C25K Week 4: Zoom, Zoom

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C25K Week 4: Zoom, Zoom

C25K Week 4: Zoom, Zoom Larry: Week 4 of the C25K is in the books.  This week’s 3 work outs consisted of:

Brisk five-minute warmup walk, then:

  • Jog 1/4 mile (or 3 minutes)
  • Walk 1/8 mile (or 90 seconds)
  • Jog 1/2 mile (or 5 minutes)
  • Walk 1/4 mile (or 2-1/2 minutes)
  • Jog 1/4 mile (or 3 minutes)
  • Walk 1/8 mile (or 90 seconds)
  • Jog 1/2 mile (or 5 minutes)

I did all three workouts outside, on a new route.  I definitely felt some progress this week.  Running is becoming easier, although that first 5-minute run was tough!  It’s good to feel progress as it makes you feel like the work you are doing is paying off.

C25K Week 4: Zoom, Zoom Judie: I continued to run the same ~1/2 mile course that I have been using since week one; I generally try to go up and back three times (about three miles), even if my actual workout time has already ended. I agree that running is becoming easier; last week running for three minutes seemed like a lot, but it was a breeze this week when compared to the five minute portions!

Of course, it didn’t help that for the first time all year we’ve just begun hitting the 100º mark daily, and I still haven’t been able to get out the door and run as early as I would have liked. I don’t think there was one time this week when I was able to get my workout in much before noon, but by the second time I finally got smart and ran in a Patagonia performance swimsuit I’d originally purchased for a trip to Schlitterbahn a few years ago. I’m in the middle of nowhere, so there is no risk of anyone seeing me running in a bikini and my Vibram Five Fingers, and I found it surprisingly comfortable … plus I was able to get a little bit of sun on my legs. 😛

C25K Week 4: Zoom, Zoom Larry: This week I want to talk about pace.  We all run at different speeds.  Some of us fast, some of us slow.  This week two American athletes were among the field entered in the 5,000 meter race at the Exxon Mobil Bislett Games in Oslo Norway.

Neither won the race but both set records.  Bernard Lagat broke the U.S. record, which was previously held by Dathan Ritzenhein, by more than 2 seconds running a 12:54:12.  Read that again.  Yes, you read it correctly, that’s 12 minutes & 54 seconds to cover 3.1 miles.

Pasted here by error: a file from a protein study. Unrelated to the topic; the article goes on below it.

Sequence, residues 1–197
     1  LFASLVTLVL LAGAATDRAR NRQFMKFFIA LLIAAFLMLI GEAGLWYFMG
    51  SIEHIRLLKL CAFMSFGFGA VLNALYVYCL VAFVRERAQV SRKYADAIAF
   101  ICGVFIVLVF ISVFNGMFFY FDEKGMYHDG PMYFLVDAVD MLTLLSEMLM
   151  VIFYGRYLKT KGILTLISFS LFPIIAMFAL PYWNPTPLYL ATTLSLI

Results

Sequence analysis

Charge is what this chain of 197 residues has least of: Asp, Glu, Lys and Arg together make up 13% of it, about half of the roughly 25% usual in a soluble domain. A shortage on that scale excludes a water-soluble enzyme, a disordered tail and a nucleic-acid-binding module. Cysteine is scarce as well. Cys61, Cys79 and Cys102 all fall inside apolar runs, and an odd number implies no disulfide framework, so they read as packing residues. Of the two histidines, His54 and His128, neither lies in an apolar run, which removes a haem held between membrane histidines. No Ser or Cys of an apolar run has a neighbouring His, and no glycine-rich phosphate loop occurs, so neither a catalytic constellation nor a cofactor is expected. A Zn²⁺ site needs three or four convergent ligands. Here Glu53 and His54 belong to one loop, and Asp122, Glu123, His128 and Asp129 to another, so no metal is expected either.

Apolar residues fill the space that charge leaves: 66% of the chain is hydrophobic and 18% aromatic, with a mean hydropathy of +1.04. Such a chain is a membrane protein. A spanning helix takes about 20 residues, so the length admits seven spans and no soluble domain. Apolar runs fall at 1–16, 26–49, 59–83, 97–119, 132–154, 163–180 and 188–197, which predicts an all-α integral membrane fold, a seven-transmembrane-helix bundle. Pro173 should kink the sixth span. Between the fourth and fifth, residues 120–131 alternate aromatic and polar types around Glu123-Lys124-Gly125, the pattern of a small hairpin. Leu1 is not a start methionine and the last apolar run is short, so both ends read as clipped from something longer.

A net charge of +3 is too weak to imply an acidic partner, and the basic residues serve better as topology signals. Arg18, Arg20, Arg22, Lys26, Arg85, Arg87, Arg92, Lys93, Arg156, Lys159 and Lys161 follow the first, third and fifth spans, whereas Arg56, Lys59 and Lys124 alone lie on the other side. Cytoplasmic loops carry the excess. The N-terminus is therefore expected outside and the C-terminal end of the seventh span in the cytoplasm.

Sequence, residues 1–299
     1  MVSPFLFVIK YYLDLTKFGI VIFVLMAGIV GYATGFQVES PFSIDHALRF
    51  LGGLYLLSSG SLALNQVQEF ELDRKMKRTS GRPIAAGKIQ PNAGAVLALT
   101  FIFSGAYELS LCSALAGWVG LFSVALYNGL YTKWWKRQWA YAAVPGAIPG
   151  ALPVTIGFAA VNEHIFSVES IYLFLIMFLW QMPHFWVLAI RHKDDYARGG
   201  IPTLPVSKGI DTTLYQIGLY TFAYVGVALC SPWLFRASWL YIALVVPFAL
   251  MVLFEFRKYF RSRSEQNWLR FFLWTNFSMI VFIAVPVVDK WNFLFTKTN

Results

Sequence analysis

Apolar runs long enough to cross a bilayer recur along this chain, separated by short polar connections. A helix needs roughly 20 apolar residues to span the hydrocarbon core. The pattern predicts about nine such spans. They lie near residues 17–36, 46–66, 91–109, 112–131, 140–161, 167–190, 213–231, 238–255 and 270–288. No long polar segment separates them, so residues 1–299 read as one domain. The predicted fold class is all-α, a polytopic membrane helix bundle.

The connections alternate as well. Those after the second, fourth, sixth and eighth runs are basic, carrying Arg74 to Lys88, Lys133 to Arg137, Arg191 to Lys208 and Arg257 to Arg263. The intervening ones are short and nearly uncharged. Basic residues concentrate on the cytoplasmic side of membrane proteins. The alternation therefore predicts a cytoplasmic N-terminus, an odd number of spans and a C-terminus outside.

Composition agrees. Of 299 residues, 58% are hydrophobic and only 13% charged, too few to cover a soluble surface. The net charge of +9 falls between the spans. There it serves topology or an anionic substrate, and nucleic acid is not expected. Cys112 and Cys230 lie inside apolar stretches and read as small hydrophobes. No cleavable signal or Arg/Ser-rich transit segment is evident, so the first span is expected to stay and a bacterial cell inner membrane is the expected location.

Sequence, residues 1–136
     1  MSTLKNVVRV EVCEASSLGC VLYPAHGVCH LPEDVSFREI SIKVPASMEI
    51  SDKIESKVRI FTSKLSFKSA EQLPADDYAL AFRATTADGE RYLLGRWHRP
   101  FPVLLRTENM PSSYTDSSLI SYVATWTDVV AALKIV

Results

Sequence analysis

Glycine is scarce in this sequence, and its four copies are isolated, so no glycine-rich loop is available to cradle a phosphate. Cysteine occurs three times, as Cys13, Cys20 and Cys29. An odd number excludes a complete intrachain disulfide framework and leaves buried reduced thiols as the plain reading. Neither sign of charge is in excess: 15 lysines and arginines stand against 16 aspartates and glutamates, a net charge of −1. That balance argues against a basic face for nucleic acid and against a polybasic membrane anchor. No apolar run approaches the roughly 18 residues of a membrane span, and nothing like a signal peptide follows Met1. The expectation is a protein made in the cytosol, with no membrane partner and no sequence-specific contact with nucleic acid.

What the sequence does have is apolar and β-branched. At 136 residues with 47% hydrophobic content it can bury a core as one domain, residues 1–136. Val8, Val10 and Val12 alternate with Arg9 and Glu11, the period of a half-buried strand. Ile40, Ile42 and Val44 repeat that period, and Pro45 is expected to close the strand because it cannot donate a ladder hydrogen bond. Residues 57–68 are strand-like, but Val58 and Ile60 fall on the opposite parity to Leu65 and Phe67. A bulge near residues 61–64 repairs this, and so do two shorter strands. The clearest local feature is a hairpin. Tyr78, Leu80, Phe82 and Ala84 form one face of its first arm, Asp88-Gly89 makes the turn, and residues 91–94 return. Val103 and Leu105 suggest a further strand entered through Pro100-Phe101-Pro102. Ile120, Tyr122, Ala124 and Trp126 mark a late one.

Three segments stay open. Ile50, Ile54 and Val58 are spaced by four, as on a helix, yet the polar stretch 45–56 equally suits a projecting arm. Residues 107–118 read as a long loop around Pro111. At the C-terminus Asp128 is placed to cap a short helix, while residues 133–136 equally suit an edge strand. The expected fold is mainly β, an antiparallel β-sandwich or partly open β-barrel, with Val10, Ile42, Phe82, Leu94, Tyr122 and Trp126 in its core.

Meanwhile Chris Salinsky, another U.S. runner, finished in 12:56:66 crushing his previous best of 13:12.

The men finished 3rd & 6th respectively.

C25K Week 4: Zoom, Zoom

So the 5,000 meter race is 3.1 miles.  In order to break 13 minutes for that distance those men ran each of the three miles in just over 4 minutes.  4 minute pace for 3 miles.  Can you even fathom it?  No?  Imagine this.  Mark off about a 50-yard straightway along your street, or anywhere flat and straight.  Now run that 50-yards at a sprint, as fast as you possibly can.  Run as fast as your legs will go.  Both men ran the whole 5,000 meters faster.

I simply can not fathom running for that long, that fast.  Not to mention the marathoners that cover 26.2 miles in a similar fashion.  It’s almost super-human.

C25K Week 4: Zoom, Zoom Judie: It’s completely superhuman!

Right now I am basing my workout solely on time (as dictated by the iPhone C25K program), not distance. At the rate I am going I would be thrilled to eventually jog my entire circuit of ~3 miles in 30 minutes without having to stop once . But to cut that down to under 15 minutes — doing the entire 5K in a full-bore run — simply boggles my mind.

C25K Week 4: Zoom, Zoom Larry: Oh yeah, the winner of the race, Merga Imane from Ethiopia, finished in 12:53:81.

C25K Week 4: Zoom, Zoom Judie: Are you just trying to make me feel slow? 😉

C25K Week 4: Zoom, Zoom Larry: Here’s my point.  Run at your own pace, whatever that may be.  You don’t have to set out to be the fastest runner on the block or be embarrassed because you think you’re the slowest.  Guess what?  There’s always going to be someone faster.

Recreational runners complete with no one but themselves.  Your goal in any race or run should be to beat no one but yourself.  Keep track of your workout times and your race times.  Work at making yourself faster so each time you better your previous attempt.

Running should be fun.  When we get too caught up in worrying about our speed and how it compares to others it sometimes loses that.  Don’t worry about how fast or how slow you’re running.  You’re running!  And that’s what’s really important.

See you next week…….

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